Be mindful of the fact that the reference will not have this information readily available, so ask them ahead of time — either directly or via the candidate — to have it ready for your conversation.

 

8. WHAT RESOURCES DID YOUr company PROVIDE [CANDIDATE] TO help FULFILL THEIR RESPONSIBILITIES?

This question allows you to understand what resources the candidate might expect in your role. Perhaps they worked on a different software platform or with a different language, and will expect access to similiar resources in your role.

 

9. WHY DID [CANDIDATE] LEAVE THEIR ROLE AT YOUR COMPANY?

It’s important to know why a candidate left their previous company in search of new employment opportunities. Hopefully, the decision was the candidate’s, and they were simply looking for something new and challenging to move forward in their career. However, it’s often not that simple, so it’s helpful to hear someone else’s perspective on the departure. 
 

10. WHAT WAS [CANDIDATE’S] COMPENSATION PACKAGE IN THEIR ROLE AT YOUR COMPANY?

Before you go asking, know that in some states it’s actually illegal to ask for salary history. If you’re able to ask, however, this question can be helpful to prepare your offer and anticipate salary negotiations.

 

Candidate Persona Questions

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For every open role, your hiring team should create a unique candidate persona, which helps you write your job description, tailor your interview and ask the right reference check questions. You should write more specific questions that help narrow down the candidate who best matches your candidate persona, but here are a few general questions you can ask.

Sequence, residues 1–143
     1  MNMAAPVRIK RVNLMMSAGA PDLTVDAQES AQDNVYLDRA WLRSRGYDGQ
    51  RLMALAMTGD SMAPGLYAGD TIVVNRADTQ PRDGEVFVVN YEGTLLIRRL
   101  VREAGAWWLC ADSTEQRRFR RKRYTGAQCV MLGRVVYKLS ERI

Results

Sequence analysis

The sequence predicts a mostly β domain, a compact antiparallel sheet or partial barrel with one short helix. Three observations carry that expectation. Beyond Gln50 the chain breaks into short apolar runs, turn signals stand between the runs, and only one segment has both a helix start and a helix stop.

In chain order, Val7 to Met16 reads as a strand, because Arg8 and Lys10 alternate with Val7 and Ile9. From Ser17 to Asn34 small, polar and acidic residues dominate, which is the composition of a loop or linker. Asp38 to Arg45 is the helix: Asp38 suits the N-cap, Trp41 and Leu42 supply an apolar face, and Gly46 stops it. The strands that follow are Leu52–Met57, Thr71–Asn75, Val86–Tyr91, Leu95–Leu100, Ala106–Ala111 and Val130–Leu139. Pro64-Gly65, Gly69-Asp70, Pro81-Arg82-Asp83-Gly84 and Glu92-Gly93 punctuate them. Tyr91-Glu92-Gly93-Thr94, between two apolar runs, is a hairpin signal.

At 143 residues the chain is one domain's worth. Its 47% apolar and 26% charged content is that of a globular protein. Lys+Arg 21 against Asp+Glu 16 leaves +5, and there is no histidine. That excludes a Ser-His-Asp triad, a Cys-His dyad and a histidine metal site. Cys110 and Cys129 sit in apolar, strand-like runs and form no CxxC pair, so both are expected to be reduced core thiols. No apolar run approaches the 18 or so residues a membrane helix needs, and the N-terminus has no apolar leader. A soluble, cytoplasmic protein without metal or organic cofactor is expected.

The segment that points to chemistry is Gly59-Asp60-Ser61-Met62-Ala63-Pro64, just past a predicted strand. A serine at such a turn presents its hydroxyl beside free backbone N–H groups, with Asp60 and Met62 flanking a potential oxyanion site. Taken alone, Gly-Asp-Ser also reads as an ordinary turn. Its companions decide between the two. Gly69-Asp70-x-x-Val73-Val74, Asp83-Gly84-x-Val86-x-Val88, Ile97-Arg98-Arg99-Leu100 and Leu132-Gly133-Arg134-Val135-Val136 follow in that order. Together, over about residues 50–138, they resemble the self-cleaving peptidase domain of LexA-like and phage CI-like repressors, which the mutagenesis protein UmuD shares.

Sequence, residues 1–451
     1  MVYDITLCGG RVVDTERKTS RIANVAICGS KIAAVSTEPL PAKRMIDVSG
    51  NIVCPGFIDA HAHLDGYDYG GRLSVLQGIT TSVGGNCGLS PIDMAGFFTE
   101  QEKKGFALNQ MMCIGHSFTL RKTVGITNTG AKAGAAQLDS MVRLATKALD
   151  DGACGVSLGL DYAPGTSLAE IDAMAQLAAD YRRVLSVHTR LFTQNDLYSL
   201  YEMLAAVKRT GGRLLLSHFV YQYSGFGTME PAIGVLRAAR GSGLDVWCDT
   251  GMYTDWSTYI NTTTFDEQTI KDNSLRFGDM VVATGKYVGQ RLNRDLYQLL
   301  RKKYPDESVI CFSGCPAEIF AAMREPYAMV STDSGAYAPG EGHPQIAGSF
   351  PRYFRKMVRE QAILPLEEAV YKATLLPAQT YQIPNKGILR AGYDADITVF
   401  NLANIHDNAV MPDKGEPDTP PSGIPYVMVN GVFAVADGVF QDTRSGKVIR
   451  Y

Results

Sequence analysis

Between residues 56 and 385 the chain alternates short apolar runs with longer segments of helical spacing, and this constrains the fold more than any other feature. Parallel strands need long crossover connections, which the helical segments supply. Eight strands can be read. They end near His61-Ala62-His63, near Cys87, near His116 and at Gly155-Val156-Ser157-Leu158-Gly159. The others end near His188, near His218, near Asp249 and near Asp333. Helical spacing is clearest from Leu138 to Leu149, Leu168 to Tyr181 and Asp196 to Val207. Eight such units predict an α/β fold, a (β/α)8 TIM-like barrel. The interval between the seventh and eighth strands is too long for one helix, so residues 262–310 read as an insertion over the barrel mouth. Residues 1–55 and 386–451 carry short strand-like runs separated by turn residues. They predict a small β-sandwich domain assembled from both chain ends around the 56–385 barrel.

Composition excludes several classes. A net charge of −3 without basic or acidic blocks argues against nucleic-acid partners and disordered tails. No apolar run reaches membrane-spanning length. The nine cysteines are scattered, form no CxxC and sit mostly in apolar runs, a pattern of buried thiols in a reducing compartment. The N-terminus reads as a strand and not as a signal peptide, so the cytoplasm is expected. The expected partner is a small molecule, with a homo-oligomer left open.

11. HOW WOULD YOU DESCRIBE [CANDIDATE’S] STRENGTHS IN GENERAL OR IN RELATION TO [INSERT SKILLSET]?

This question provides the reference a chance to speak highly about the candidate's skills. Everyone is better at certain things than other things, which is why it’s also important to ask a follow-up question like... 

 

12. IN GENERAL, WHAT WOULD YOU SAY ARE the SKILLS [CANDIDATE] Could improve upon?

For every strength there is a weakness, and as a future employer, you want to know exactly what to expect from a candidate. This can be a challenging question for references to answer, however, they should be willing and able to provide a few examples of the ways a candidate could improve.

 

13. HOW DO YOU SEE [CANDIDATE] GROWING IN THEIR CAREER?

Even if the candidate doesn't know how they see their career progressing, a colleague or manager should be acutely aware of their strengths, interests and aspirations. 


14. IN YOUR OPINION, WHAT DOES [CANDIDATE] NEED TO do to FURTHER GROW IN THEIR CAREER?

Employee development is a key characteristic of any successful employee, and the answer to this question can help your hiring team prepare an employee development plan to fill skills gaps and get the candidate excited about the opportunities your company offers.